People who attend protests over the weekend are ‘certifiably insane’, says NSW Police Minister

NSW Minister for Police David Elliot has slammed people planning to attend tomorrow's Black Lives Matter protest. Source: AAP

Organisers of the protests have dismissed calls for the events to be shut down due to COVID-19, describing them as an "essential service".

The NSW police minister has condemned anyone planning to attend Australian Black Lives Matter protests this weekend in solidarity with those taking place in the United States, describing them as “nuts” and not “of sound mind”.

Protests against police brutality and Indigenous deaths in custody are planned in Sydney, Brisbane, Adelaide, Perth, and Melbourne on Saturday, and Canberra on Friday, with 10,000 people marked as attending on the NSW Facebook event and another 18,000 in Victoria.

Intense protests have swept the world after an unarmed black man, George Floyd, was killed at the hands of police in Minneapolis on 25 May.

Protesters rally during a George Floyd Memorial demonstration  in Brooklyn , New York.
Protesters rally during a George Floyd Memorial demonstration in Brooklyn, New York.

The death has sparked outrage over Australia’s own history of police brutality, with more than 400 Aboriginal and Torres Strait Islander deaths in custody since 1991, according to the Guardian’s Deaths Inside database.

NSW Police Minister David Elliot told 2GB’s Ben Fordham on Friday that “anybody who goes to a mass gathering during a pandemic is certifiably insane”. 

“If you attend a mass gathering and then expose any disease to a loved one, someone who is vulnerable, to the elderly, then you have acted completely inappropriately,” he said.

Coronavirus social distancing restrictions in NSW currently bar gatherings of more than 10 people outside or 50 in a pub, bar or restaurant.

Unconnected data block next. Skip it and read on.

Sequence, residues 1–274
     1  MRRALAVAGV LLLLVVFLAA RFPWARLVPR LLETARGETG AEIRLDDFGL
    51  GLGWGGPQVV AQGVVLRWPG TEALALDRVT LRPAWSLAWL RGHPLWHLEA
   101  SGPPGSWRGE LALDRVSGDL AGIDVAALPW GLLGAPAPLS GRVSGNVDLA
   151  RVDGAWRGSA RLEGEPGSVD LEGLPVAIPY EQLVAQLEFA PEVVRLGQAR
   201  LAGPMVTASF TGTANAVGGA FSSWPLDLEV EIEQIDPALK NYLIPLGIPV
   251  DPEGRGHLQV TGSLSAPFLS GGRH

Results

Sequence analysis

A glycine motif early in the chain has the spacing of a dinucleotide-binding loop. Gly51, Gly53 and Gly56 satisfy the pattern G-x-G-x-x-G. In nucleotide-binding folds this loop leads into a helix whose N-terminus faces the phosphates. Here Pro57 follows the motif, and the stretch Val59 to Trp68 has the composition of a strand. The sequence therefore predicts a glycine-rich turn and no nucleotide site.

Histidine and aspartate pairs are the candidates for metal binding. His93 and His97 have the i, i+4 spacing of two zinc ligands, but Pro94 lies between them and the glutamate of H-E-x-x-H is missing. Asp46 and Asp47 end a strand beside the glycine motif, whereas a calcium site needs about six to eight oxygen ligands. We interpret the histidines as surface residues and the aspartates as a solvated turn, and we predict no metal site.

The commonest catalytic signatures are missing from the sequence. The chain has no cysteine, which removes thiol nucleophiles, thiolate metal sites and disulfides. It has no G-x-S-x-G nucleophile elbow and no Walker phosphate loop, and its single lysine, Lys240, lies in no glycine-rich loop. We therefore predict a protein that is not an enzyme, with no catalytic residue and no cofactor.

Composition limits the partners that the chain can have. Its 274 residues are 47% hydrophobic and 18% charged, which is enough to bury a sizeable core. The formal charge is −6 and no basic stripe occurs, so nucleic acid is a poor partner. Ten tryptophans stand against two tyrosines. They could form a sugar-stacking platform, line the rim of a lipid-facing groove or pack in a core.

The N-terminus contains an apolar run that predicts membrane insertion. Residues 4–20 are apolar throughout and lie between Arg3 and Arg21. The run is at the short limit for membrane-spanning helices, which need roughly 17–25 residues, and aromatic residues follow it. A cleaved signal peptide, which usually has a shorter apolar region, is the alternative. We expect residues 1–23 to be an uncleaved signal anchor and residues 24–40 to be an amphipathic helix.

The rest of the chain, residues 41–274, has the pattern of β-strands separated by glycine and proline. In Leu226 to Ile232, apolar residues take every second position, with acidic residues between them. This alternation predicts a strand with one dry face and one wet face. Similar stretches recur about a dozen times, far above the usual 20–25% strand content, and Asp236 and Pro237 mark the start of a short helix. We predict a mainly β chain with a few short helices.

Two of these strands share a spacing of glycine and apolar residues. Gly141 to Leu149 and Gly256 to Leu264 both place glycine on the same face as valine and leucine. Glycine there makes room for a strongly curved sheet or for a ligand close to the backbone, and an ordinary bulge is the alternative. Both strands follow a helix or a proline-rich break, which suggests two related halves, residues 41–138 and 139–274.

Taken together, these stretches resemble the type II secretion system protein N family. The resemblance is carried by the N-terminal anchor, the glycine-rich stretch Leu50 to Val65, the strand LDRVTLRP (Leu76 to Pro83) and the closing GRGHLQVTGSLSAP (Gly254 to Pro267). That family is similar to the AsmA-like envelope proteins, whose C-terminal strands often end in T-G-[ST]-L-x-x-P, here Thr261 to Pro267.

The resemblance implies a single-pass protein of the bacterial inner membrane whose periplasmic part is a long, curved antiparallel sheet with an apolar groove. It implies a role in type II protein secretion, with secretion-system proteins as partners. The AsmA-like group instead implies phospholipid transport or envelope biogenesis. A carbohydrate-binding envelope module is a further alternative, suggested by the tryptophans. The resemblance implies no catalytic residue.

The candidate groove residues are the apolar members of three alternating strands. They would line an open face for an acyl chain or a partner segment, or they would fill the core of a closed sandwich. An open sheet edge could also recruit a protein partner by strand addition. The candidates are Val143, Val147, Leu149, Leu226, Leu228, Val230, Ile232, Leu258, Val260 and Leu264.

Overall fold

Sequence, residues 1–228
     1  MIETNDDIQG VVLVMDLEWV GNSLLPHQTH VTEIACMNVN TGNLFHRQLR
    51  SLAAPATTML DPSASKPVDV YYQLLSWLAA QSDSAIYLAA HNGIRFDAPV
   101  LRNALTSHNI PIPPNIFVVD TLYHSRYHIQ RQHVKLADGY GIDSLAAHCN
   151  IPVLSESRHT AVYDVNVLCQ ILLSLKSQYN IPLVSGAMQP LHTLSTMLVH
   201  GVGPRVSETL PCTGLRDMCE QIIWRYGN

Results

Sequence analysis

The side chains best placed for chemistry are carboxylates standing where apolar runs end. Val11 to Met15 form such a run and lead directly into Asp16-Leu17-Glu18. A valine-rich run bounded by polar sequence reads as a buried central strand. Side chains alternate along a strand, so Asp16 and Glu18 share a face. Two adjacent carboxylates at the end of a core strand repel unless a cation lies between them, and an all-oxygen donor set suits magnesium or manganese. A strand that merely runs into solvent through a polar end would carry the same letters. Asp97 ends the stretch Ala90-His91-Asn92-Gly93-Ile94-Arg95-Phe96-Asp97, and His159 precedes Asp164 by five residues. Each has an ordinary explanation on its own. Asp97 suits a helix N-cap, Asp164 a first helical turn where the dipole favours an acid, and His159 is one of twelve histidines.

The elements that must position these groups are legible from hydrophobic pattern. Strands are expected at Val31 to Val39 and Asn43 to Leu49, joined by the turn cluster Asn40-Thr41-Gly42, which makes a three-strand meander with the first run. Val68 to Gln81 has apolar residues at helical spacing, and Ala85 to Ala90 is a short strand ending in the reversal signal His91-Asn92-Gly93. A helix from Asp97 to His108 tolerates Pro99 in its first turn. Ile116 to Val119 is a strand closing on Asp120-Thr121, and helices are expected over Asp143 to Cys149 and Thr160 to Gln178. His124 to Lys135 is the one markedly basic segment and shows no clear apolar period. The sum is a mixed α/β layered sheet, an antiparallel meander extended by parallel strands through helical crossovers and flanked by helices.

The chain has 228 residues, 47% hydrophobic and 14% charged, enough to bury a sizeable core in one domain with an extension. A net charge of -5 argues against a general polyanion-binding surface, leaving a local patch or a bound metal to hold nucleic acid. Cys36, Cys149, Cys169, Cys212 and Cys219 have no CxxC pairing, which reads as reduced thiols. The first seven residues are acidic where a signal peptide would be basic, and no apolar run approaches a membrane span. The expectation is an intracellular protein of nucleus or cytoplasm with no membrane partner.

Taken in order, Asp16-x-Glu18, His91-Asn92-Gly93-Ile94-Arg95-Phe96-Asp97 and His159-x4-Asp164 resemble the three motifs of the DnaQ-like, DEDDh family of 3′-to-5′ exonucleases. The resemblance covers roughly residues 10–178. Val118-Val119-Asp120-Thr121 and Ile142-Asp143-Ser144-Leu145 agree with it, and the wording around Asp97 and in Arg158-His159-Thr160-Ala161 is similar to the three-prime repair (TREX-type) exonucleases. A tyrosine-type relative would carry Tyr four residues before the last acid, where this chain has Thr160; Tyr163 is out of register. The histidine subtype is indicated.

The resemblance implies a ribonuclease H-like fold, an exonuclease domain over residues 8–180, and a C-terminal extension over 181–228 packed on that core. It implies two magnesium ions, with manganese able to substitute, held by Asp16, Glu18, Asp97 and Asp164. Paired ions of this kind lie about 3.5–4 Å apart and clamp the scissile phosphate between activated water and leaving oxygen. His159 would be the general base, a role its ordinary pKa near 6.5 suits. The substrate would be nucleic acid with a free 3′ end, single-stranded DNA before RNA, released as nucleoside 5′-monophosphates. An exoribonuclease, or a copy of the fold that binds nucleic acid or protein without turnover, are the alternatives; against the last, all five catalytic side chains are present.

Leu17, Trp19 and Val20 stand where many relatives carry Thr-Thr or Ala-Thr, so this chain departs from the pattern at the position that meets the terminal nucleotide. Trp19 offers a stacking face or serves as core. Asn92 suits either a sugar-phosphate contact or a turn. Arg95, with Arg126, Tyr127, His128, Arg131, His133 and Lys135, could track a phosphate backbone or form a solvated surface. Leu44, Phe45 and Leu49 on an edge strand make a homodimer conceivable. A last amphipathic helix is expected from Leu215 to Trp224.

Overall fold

In response, Premier Gladys Berejiklian announced on Friday afternoon that the NSW Police would seek an injunction from the Supreme Court to put a stop to the event.

She said the protests had been approved by police on the understanding it would be a small gathering. 

"The New South Wales Government would never ever give the green light to thousands of people flagrantly disregarding the health orders," Ms Berejiklian said. 

Hours earlier, Mr Elliot had said there was “nothing he can do” to oppose the event after “being up half the night” taking legal advice. 

“There are things in our society that are just virtually impossible to stop, and the right for political freedom is one of them,” he said.

Victorian Premier Daniel Andrews also urged people not to attend the rally in Melbourne.

Federal Home Affairs Minister Peter Dutton on Friday instead encouraged anyone who wished to protest to “do it from home”.

Raul Bassi, from the Indigenous Social Justice Association, one of the organisers of the Sydney protest, said they had changed the location of the event when the expected attendance grew to ensure there was enough room to socially distance. 

“We are organised with marshals, and other things, to instruct people to keep their separation in the best way possible,” he told SBS News.

“They criticise us because they say we are protesting for something that happened in America. That is wrong, we are protesting something that is happening here.”

Organisers of the Melbourne rally have also defended the protest plans.

“We think that this is an essential service to stand up for an Aboriginal person’s right to life, and also stand in solidarity with George Floyd and the more broader Black Lives Matter movement in the US,” Meriki Onus, of Warriors of the Aboriginal Resistance, told ABC News on Friday.

“We’re marching like they marched in Paris, we’re marching like they marched in New Zealand, we’re marching like Perth, Sydney and Brisbane are marching tomorrow."

All the events recommend attendees wear face masks, use hand sanitiser and practice 1.5 metre social distancing. Organisers for the Melbourne rally have instructed that “everyone must wear a mask” at the protest.

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